Should a worker get behind the wheel as a Lyft driver? Or might a job helping people move through a different app such as Tiptapp be preferable?

A startup called aims to help online workers navigate the gig economy/human cloud landscape by letting them rate human cloud platforms, share tips, find opportunities and more. It reached 700,000 new members this month and is adding 10,000 to 15,000 each week.

“Our mission is to be the gig workers’ best friend; that’s what we strive for,” says Alok Alström, CEO and co-founder.

The company, based in Stockholm, focuses on helping online platform workers in Europe and the US.

Beginnings. Alström started 2½ years ago. He had been serving as general manager of Uber in Sweden when he noticed that online workers didn’t have a place in which to build a community. They needed a place to interact, discuss topics such as the pros of different platforms, insurance tips, or to just blow off steam.

“Uber drivers, just like people working with anything else in the world, have a need to interact with each other, to build a community,” he says.

The result is

And last month, the company got the spotlight at Staffing Industry Analysts’ Collaboration in the Gig Economy conference when it was a top winner in a competition styled after the “Shark Tank” television show. was among five finalists selected from a field of 20 to present at the conference. It tied for the top spot in the competition with Keeper Tax, a company that aims to assist human cloud workers in the US with taxes.

Some might liken to a for online platform work. But company founder Alström believes that boiling down’ definition that way might help those who haven’t heard of the company to understand its mission, it’s a reduction and doesn’t tell the whole story.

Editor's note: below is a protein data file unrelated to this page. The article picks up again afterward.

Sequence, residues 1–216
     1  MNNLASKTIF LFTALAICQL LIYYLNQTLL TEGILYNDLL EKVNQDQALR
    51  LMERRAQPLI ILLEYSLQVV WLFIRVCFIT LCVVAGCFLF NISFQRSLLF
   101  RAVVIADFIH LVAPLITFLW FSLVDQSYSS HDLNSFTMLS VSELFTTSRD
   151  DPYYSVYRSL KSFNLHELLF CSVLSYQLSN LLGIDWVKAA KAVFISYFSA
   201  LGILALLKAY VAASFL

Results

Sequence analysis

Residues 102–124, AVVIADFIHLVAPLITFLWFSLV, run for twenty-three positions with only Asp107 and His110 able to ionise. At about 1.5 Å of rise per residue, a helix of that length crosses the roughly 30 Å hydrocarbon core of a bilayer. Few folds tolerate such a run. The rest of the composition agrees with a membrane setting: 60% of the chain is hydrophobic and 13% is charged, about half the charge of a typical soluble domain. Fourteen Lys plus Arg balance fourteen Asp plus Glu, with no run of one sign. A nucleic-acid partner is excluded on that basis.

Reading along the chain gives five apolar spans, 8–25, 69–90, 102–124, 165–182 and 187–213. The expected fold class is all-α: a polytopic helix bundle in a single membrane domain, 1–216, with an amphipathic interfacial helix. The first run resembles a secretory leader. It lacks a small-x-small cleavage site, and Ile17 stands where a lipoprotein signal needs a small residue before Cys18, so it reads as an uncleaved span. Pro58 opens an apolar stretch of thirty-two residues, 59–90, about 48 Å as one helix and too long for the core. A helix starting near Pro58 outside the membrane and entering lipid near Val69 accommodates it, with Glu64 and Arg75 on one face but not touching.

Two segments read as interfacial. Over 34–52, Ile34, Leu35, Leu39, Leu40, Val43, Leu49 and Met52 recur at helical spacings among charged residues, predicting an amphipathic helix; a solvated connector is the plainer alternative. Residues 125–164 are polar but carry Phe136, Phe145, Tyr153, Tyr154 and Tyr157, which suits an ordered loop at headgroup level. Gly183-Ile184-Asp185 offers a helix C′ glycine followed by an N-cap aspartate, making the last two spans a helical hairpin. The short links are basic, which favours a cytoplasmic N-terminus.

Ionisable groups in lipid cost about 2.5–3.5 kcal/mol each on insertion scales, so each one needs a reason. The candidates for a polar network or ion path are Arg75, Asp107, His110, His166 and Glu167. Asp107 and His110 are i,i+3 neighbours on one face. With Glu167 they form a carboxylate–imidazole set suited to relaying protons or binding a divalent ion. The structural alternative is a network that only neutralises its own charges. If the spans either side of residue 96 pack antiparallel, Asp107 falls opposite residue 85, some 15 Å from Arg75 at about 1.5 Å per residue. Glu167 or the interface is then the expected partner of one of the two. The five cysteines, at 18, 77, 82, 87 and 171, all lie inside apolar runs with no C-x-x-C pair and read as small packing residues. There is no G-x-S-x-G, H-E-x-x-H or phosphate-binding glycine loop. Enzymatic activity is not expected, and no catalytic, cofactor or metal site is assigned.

Alström says that’s one of the challenges. The online platform jobs industry is only about 10 years old; it’s so new that definitions and dynamics are still being drawn up.

Gig Economy. Some refer to only electronically mediated online work as the gig economy. However, Staffing Industry Analysts takes a broader view; its definition includes all contingent jobs as the gig economy. However, SIA doesn’t include online leasing websites such as Airbnb or Vrbo in its definition while others do.

Looking ahead, the company feels the industry’s evolution is poised to continue.

“We are actually starting to consume work, on demand, same as with food or entertainment,” says Tobias Porserud, president of the Institute at Porserud was co-founder and CEO of a recruitment company before joining

Same as picking a movie on Netflix or a date on Tinder, workers will be able to pick a job. aims to reduce the friction of connecting with work so workers can decide when and where they want to work.

While people in the past may have been stuck with one job for their lives, they can easily try different jobs using online platforms.

“We’ve gone from one job decided by your parents to now you get more and more opportunities,” Porserud says. “And it’s getting easier and easier with technology to try out different things.” aims to not just be a gig worker’s best friend but also to support them while they are doing these jobs.

Alström notes that while many jobs are going away, new ones are always being created. And there’s a need to be human friendly despite the onslaught of technology.


In addition to and Keeper Tax, other finalists presenting before the judges were Khonvo, represented by founder and CEO Andrew Rising, which aims to provide automation to assist recruiters; F| Staff, represented by CEO Justin Clarke, which provides an online platform for truck driver staffing; and Parker Dewey, represented by founder and CEO Jeffrey Moss, which aims to connect students to companies using micro internships.

Judges at the event were Thomas Jajeh, CEO and founder of twago; Jody Miller, co-founder and CEO of Business Talent Group; Gary Swart, general partner of Polaris Partners; and Fabio Rosati, executive chairman at Snag.